U.S., South Korea Maintain Peninsula Security

SEOUL, South Korea, Oct. 27, 2011 — Defense Sec­re­tary Leon E. Panet­ta assured senior South Kore­an lead­ers here today that the Unit­ed States will con­tin­ue to pro­vide the mil­i­tary forces and capa­bil­i­ties need­ed to main­tain secu­ri­ty on the Kore­an penin­su­la.

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Defense Sec­re­tary Leon E. Panet­ta, right, and South Kore­an Defense Min­is­ter Kim Kwan-jin par­tic­i­pate in a pass-in-review cer­e­mo­ny at the South Kore­an defense min­istry in Seoul, South Korea, Oct. 27, 2011.
DOD pho­to by D. Myles Cullen
Click to enlarge

On the eve of the 43rd annu­al U.S.-South Kore­an Secu­ri­ty Con­sul­ta­tive Meet­ing, Panet­ta, along with Army Gen. Mar­tin E. Dempsey, chair­man of the Joint Chiefs of Staff, and Army Gen. James D. Thur­man, com­man­der of U.S. Forces Korea, gave reporters trav­el­ing with the sec­re­tary their views on that rela­tion­ship. Panet­ta said his dis­cus­sions with South Kore­an Pres­i­dent Lee Myung-bak, Defense Min­is­ter Kim Kwan-jin and For­eign Min­is­ter Kim Sung-hwan, all of which Dempsey and Thur­man also attend­ed, were pro­duc­tive. The sec­re­tary said he assured the South Kore­an lead­ers that U.S. troops will remain in South Korea at unre­duced lev­els “as long as it takes to pro­tect the Repub­lic of Korea.”

“We’re com­mit­ted to strength­en­ing the alliance,” he added, “and we’ll con­tin­ue to pro­vide the forces and the mil­i­tary capa­bil­i­ties need­ed to main­tain secu­ri­ty on the penin­su­la.”

The Unit­ed States, Panet­ta con­tin­ued, also will ensure the U.S.-South Kore­an alliance main­tains a strong deter­rent pos­ture, includ­ing the U.S. nuclear umbrel­la, “so that North Korea nev­er mis­judges our will and capac­i­ty to respond deci­sive­ly to aggres­sion.”

North Korea’s pur­suit of nuclear weapons and advanced mis­sile capa­bil­i­ties con­tin­ues to defy the inter­na­tion­al com­mu­ni­ty, the sec­re­tary said.

“Despite the provo­ca­tions, we have and will con­tin­ue to reach out diplo­mat­i­cal­ly. In the words of Ted­dy Roo­sevelt, we will speak soft­ly but car­ry a big stick,” he said.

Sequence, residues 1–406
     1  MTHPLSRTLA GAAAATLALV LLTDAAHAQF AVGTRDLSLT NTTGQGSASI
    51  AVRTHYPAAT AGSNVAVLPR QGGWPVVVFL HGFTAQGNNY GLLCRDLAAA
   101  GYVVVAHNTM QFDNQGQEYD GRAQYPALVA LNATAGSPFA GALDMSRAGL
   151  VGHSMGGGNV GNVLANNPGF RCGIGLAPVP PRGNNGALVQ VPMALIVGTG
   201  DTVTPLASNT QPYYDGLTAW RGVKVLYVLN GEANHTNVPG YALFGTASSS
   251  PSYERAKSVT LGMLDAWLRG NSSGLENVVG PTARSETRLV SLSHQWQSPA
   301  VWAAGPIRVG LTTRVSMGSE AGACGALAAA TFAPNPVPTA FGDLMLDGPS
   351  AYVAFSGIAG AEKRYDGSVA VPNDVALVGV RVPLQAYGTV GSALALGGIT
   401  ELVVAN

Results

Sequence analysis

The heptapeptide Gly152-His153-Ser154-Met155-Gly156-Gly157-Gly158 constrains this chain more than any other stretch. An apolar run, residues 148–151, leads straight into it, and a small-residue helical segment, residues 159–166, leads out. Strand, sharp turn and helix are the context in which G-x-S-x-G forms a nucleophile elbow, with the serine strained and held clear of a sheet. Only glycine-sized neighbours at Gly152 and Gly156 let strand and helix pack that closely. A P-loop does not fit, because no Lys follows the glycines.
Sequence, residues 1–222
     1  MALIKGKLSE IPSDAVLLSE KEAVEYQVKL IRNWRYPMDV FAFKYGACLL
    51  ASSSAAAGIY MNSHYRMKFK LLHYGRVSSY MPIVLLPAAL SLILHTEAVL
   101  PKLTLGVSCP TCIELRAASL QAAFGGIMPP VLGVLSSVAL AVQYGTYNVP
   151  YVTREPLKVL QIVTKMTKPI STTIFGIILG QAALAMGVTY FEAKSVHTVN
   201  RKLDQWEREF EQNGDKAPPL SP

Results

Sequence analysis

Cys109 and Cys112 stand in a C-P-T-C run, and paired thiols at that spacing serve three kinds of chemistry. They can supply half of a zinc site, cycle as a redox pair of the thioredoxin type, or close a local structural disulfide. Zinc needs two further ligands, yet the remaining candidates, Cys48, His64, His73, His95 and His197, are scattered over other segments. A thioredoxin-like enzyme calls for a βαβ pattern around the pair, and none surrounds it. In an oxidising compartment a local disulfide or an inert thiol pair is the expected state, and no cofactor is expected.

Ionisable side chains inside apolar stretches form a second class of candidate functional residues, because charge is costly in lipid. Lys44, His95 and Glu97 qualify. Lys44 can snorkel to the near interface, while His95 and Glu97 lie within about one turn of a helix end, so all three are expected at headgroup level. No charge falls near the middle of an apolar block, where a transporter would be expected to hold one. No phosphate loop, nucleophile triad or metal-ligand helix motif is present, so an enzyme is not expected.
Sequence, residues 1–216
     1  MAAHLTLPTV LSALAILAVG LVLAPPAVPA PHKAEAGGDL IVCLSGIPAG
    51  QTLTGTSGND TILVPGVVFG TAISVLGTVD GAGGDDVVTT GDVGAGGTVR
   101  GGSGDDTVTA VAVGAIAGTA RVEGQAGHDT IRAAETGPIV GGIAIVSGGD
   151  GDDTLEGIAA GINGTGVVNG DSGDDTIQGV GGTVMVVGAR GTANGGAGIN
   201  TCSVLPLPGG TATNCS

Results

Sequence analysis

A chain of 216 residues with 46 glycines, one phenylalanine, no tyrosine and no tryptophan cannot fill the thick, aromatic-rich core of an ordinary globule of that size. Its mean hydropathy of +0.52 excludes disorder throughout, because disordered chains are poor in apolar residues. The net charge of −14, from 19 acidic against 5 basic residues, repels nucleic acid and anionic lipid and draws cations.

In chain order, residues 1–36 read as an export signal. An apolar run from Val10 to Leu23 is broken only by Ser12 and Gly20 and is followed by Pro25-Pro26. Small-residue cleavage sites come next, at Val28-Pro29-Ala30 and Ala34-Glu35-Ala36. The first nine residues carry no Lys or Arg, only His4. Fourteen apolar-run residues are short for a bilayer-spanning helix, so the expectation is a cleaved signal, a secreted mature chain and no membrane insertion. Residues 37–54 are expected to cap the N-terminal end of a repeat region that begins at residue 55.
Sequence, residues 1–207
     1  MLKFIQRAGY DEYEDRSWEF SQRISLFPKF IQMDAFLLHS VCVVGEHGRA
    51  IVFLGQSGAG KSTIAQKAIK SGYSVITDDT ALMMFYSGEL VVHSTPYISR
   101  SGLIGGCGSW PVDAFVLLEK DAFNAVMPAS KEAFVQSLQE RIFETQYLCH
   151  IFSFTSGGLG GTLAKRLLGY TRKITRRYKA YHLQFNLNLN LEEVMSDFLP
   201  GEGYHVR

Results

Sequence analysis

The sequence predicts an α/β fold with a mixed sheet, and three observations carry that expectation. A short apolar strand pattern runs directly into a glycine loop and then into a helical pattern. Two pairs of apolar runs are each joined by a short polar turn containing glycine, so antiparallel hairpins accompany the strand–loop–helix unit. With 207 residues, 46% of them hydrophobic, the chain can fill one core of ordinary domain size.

“North Korea can behave, as we all know, in very unpre­dictable ways,” Panet­ta said, not­ing his South Kore­an coun­ter­parts told him today that 200 North Kore­an cit­i­zens are “stuck in Libya” because the regime in Pyongyang believes they would spread to the North Kore­an peo­ple the news of Moam­mar Gadhafi’s death and Libya’s lib­er­a­tion.

U.S. and North Kore­an diplo­mats’ meet­ings held in Gene­va this week pro­duced a nar­row­ing of dif­fer­ences, State Depart­ment offi­cials said, but they result­ed in no break­throughs, and sig­nif­i­cant issues remain.

North Korea’s nuclear ambi­tions remain a con­cern, Panet­ta said. Expe­ri­ence, he not­ed, indi­cates that skep­ti­cism is appro­pri­ate in the face of the North Kore­ans’ cur­rent accom­mo­dat­ing pos­ture.

“We always have to be vig­i­lant in the way we approach North Korea, because there is a his­to­ry here of accom­mo­da­tion and provo­ca­tion,” the sec­re­tary said. “There are peri­ods when we’re hope­ful we might be able to achieve some diplo­mat­ic progress in elim­i­nat­ing their nucleariza­tion pro­gram. Then, for what­ev­er rea­son, we’re not suc­cess­ful, and sud­den­ly we enter a peri­od of provo­ca­tion.”

The Unit­ed States must pro­ceed under the hope that North Korea ulti­mate­ly will “do the right thing” and take steps to improve the lives of its peo­ple, the sec­re­tary said. But, he added, the U.S. also must real­ize that North Korea is like­ly to keep seek­ing to increase its nuclear capa­bil­i­ty.

For that rea­son, the sec­re­tary said, the Unit­ed States and South Korea must always main­tain a strong alliance to demon­strate they will not allow North Korea to threat­en the penin­su­la.

Panet­ta said it some­times appears that Chi­na is urg­ing North Korea to give up its nuclear pro­gram and engage with oth­er nations. Yet, he added, Chi­na could be still more help­ful in the process.

“Frankly, I think Chi­na could do more. … They are in a posi­tion where they can influ­ence what can hap­pen in North Korea,” Panet­ta said. “Some­times North Korea doesn’t pay atten­tion. The hope is [Chi­na] will con­tin­ue to push North Korea to … do the right things.”

Thur­man said U.S. and South Kore­an forces on the penin­su­la are well aware of the seri­ous­ness of their task. The two mil­i­taries form a tru­ly com­bined force for the alliance, the gen­er­al said.

“We’ve got a degree of trans­paren­cy where we’re con­stant­ly in con­sul­ta­tion,” Thur­man said. “Main­tain­ing a high degree of readi­ness is essen­tial to deter­ring provo­ca­tions.”

Dur­ing today’s meet­ings, Panet­ta said, he also thanked the South Kore­an lead­ers for their troop con­tri­bu­tions in Afghanistan, where their troops are serv­ing “with hon­or and dis­tinc­tion.”

The meet­ings also touched on the U.S. government’s desire to see South Korea increase its par­tic­i­pa­tion in non­pro­lif­er­a­tion efforts and inter­dic­tion exer­cis­es, he said.

Top­ics also includ­ed the bilat­er­al effort to relo­cate U.S. troops from Yongsan Gar­ri­son in Seoul to Camp Humphreys in Pyeong­taek, Panet­ta said, and the need to work close­ly to ensure that move is com­plet­ed on sched­ule by 2015.

Panet­ta and Dempsey will take part tomor­row in ses­sions of the 43rd Secu­ri­ty Con­sul­ta­tive Meet­ing. The meet­ing is an annu­al con­fer­ence of U.S. and South Korea gov­ern­ment defense del­e­ga­tions.

Source:
U.S. Depart­ment of Defense
Office of the Assis­tant Sec­re­tary of Defense (Pub­lic Affairs)

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